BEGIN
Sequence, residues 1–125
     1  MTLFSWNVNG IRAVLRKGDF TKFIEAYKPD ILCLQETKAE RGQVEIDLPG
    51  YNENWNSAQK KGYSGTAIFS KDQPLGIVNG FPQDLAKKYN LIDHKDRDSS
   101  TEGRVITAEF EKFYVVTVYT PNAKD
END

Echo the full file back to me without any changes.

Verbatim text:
Sequence, residues 1–125
     1  MTLFSWNVNG IRAVLRKGDF TKFIEAYKPD ILCLQETKAE RGQVEIDLPG
    51  YNENWNSAQK KGYSGTAIFS KDQPLGIVNG FPQDLAKKYN LIDHKDRDSS
   101  TEGRVITAEF EKFYVVTVYT PNAKD